Osteopetrosis (OPT) refers to the consequences of generalized failure of skeletal resorption during growth. Most cases are explained by loss-of-function mutation within the genes that encode either chloride channel 7 (CLCN7) or a vacuolar proton pump subunit (TCIRG1), each compromising acid secretion by osteoclasts. Patients suffer fractures and sometimes cranial nerve entrapment and insufficient medullary space for hematopoiesis. In 1996, we reported that a high serum level of the brain isoenzyme of creatine kinase (BB-CK), the CK of osteoclasts, characterizes OPT dueamong the sclerosing bone disorders (J Clin Endocrinol Metab. 1996;11:1438). Now, we show that elevation in serum of multiple lactate dehydrogenase (LDH) isoenzymes with aspartate transaminase (AST) distinguishes autosomal dominant OPT due to loss-of-function mutation in CLCN7 [Albers-Schönberg disease (A-SD)] among these conditions. Serum total LDH and AST levels as high as 3 - and 2 - , respectively, the upper limits of normal for age-appropriate controls, were persistent and essentially concordant in A-SD. Serum LDH was elevated in 7 of 9 children and in the 2 adults studied with A-SD. LDH isoenzyme quantitation showed excesses of LDH-2, -3, and -4. Neither total LDH nor AST increases were found in other forms of OPT, including bisphosphonate-induced OPT, or in 41 children and 6 adults representing 20 additional sclerosing bone disorders. Serum TRACP-5b and BB-CK also were markedly elevated in A-SD. Hence, high serum levels of several enzymes characterize A-SD. Elevated serum LDH isoenzymes and AST indicate a disturbance (of uncertain clinical significance) within multiple extraosseous tissues when there is CLCN7 deficiency.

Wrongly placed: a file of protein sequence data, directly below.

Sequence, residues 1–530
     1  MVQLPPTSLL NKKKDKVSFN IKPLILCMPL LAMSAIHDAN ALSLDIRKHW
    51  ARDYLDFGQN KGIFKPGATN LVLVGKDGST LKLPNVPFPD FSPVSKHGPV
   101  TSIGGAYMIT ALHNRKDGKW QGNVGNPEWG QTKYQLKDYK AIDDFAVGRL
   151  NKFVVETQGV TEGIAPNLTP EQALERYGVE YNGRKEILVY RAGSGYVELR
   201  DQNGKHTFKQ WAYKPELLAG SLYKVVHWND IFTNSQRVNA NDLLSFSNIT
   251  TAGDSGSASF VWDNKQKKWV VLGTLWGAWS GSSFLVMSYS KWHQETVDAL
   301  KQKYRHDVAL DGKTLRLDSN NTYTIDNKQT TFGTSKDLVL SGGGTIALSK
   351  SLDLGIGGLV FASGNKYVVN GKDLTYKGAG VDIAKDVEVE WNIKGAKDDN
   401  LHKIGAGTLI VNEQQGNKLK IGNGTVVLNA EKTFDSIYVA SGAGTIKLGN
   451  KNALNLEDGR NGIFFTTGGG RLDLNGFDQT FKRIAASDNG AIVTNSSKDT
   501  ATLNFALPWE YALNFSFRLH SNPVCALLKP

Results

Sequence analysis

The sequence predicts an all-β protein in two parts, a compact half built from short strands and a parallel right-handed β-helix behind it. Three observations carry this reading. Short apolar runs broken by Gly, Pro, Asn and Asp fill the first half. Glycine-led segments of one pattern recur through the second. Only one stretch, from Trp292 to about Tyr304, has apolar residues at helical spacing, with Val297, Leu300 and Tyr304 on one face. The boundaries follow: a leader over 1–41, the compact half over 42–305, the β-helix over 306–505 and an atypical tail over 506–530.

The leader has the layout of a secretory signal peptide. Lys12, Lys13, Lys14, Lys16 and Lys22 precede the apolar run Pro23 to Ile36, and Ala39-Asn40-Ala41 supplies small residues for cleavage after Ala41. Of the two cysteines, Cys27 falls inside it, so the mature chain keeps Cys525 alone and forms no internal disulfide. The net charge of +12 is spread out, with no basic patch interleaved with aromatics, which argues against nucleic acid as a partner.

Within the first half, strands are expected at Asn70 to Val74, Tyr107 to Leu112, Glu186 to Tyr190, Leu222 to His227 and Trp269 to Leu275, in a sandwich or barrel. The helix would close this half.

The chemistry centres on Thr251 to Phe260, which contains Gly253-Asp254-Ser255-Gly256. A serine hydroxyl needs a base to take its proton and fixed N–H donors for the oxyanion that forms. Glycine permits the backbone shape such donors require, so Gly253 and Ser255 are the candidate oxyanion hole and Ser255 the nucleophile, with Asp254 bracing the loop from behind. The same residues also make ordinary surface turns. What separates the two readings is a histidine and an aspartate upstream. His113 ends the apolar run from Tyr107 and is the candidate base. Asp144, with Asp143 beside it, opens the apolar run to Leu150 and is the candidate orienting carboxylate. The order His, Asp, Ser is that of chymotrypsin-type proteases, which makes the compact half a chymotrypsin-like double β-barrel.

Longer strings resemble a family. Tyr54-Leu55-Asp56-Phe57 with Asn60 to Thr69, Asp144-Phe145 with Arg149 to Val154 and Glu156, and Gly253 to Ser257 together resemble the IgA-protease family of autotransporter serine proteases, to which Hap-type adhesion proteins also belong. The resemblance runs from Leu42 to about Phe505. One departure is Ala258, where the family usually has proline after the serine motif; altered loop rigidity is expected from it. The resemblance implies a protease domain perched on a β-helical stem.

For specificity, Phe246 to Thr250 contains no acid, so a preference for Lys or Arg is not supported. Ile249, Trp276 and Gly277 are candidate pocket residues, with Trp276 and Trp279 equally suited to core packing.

- acid phosphatase
- carbonic anhydrase II deficiency
- creatine kinase
- liver disease